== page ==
- Laurel Ashton, Former student organizer and field secretary for NC NAACP
- Micah Gilmer, Frontline Solutions
- Deena Hayes, Racial Equity Institute
- Ivan Kohar Parra, Lead Organizer, Triangle Community CAN (Congregations, Associations, Neighborhoods)
Read the event program to learn more about the panelists.
This lecture was made possible in part by a grant from the North Carolina Humanities Council, a statewide nonprofit and affiliate of the National Endowment of the Humanities.
Cynthia "Mil" Duncan, PhD
Poverty and Politics in Rural Communities: What's Changed Over the Last Twenty Years?
On June 27, MDC hosted rural poverty expert Cynthia "Mil" Duncan for the second installment of the 2013 MDC Lecture Series. Twenty years ago, Mil Duncan and her colleagues interviewed hundreds of people from all walks of life in three remote rural communities—Appalachia, the Delta region of Mississippi, and northern New England—trying to understand why poverty persisted. In her book Worlds Apart, she argues that the absence of a middle class and deep divisions between haves and have-nots in areas dependent upon coal and plantation economies undermine community institutions essential for children's opportunities. A more diverse, less poor community in northern New England was not divided and invested in community institutions that served everyone. This year she returned to those communities to learn what changes have occurred. She talked about those changes and what they may tell us about development and opportunity in chronically poor and transitioning rural communities.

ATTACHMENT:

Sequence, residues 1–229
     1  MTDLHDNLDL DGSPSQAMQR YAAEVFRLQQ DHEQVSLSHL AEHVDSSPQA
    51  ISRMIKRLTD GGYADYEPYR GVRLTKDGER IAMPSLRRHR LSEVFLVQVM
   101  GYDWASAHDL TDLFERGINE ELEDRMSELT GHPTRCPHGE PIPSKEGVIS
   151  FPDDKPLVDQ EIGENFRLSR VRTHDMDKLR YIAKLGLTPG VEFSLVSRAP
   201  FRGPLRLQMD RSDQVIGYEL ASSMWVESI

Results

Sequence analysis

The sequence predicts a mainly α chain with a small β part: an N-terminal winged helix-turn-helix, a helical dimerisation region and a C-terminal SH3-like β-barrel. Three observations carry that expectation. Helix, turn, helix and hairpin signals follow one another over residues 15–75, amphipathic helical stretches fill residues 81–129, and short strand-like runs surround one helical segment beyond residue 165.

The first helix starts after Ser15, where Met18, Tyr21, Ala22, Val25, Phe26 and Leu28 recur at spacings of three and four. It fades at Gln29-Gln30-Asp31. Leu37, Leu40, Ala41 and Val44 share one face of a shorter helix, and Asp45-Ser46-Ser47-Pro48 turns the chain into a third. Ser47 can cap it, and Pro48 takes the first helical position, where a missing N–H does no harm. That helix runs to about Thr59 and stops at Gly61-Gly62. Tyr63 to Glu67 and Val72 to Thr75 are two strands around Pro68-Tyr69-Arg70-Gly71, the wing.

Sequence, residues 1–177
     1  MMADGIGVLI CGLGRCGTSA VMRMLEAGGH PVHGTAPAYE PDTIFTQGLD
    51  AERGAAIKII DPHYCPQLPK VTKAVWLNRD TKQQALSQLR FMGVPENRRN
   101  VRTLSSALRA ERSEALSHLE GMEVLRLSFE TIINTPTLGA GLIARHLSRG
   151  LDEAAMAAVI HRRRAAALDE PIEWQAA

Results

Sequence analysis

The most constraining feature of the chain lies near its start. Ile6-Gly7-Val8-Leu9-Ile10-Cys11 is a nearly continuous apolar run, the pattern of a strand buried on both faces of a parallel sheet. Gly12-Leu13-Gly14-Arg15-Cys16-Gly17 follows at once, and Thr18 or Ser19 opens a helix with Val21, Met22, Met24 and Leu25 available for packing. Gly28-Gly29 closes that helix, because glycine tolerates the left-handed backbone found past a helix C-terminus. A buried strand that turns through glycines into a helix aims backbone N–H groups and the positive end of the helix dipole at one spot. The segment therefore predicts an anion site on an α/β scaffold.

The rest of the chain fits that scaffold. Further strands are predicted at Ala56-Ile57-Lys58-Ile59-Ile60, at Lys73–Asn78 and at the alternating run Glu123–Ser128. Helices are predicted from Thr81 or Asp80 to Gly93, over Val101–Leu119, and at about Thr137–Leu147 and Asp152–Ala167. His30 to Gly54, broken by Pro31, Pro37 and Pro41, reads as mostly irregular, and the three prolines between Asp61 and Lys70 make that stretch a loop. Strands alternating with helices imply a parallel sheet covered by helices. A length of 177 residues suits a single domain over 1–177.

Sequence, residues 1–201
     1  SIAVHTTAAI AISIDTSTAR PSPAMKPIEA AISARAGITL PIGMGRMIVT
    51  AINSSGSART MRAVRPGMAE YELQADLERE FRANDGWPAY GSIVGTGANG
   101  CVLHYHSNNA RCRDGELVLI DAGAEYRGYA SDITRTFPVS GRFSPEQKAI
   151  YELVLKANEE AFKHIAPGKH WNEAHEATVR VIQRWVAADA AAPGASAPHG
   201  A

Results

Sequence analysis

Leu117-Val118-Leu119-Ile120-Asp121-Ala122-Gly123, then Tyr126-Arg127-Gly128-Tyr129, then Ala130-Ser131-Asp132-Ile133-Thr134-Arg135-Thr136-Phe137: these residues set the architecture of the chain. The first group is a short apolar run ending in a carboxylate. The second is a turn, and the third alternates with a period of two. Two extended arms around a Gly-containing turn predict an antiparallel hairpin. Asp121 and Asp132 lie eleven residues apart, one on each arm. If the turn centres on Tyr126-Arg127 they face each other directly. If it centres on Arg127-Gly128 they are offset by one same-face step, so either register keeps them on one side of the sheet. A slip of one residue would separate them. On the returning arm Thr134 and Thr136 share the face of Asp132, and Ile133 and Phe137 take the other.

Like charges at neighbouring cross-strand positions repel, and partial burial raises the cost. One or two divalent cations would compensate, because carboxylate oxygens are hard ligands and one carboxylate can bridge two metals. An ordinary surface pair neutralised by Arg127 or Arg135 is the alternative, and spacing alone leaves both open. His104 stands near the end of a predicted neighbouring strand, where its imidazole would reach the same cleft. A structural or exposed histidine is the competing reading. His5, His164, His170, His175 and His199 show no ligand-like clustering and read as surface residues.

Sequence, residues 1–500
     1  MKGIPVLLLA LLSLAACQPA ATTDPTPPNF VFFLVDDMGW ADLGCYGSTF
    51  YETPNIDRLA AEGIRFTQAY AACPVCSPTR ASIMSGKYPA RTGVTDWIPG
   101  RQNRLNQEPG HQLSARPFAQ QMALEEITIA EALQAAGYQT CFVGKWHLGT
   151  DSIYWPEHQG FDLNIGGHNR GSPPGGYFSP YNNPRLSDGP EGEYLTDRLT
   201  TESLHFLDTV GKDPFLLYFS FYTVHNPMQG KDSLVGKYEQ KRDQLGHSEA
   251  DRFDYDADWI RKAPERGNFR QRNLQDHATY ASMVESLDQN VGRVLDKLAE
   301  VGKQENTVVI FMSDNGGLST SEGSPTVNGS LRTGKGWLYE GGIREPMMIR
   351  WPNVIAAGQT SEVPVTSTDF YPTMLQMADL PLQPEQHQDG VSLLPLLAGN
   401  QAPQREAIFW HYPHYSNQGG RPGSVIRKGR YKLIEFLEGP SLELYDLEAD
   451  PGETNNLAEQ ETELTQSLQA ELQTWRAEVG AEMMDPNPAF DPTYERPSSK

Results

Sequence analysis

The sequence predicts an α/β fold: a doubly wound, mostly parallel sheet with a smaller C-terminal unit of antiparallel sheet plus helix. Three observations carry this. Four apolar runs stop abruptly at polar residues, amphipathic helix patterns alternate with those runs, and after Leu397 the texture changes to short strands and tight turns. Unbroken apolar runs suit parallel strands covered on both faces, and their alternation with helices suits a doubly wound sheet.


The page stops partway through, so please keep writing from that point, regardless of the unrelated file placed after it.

MDC would like to acknowledge and thank the Mary Reynolds Babcock Foundation for their generous support of the MDC Lecture Series.